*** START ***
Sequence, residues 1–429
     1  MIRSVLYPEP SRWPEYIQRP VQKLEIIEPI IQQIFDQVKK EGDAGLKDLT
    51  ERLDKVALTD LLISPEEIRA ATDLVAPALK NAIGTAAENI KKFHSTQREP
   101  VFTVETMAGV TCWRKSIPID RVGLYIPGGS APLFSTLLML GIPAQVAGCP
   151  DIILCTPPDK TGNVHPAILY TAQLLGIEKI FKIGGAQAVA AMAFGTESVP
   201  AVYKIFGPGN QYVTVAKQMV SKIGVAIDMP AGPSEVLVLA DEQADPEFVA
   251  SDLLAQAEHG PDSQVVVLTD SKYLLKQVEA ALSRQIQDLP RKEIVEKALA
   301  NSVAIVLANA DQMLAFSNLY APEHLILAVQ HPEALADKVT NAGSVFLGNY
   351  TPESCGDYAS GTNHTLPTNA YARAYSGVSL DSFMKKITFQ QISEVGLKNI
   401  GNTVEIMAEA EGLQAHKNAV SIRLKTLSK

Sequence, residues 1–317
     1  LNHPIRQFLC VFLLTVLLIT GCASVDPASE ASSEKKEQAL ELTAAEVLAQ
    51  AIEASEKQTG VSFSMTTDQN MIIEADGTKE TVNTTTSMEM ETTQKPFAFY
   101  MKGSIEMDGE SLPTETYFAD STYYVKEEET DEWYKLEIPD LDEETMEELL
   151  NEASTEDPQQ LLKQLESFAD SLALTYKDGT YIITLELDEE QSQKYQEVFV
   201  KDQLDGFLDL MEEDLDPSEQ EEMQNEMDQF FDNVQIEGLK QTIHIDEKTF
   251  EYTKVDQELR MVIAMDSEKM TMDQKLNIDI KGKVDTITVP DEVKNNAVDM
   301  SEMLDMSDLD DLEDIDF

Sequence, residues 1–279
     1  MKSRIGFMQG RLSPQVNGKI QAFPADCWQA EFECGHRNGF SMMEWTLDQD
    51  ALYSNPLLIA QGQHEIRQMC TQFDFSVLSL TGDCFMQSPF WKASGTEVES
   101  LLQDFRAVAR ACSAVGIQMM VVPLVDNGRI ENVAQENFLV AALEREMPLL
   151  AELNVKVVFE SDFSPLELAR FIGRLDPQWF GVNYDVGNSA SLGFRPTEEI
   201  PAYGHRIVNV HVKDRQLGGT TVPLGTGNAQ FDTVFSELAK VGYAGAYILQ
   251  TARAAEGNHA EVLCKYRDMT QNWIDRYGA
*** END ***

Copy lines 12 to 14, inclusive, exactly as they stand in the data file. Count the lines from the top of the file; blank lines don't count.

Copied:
     1  LNHPIRQFLC VFLLTVLLIT GCASVDPASE ASSEKKEQAL ELTAAEVLAQ
    51  AIEASEKQTG VSFSMTTDQN MIIEADGTKE TVNTTTSMEM ETTQKPFAFY
   101  MKGSIEMDGE SLPTETYFAD STYYVKEEET DEWYKLEIPD LDEETMEELL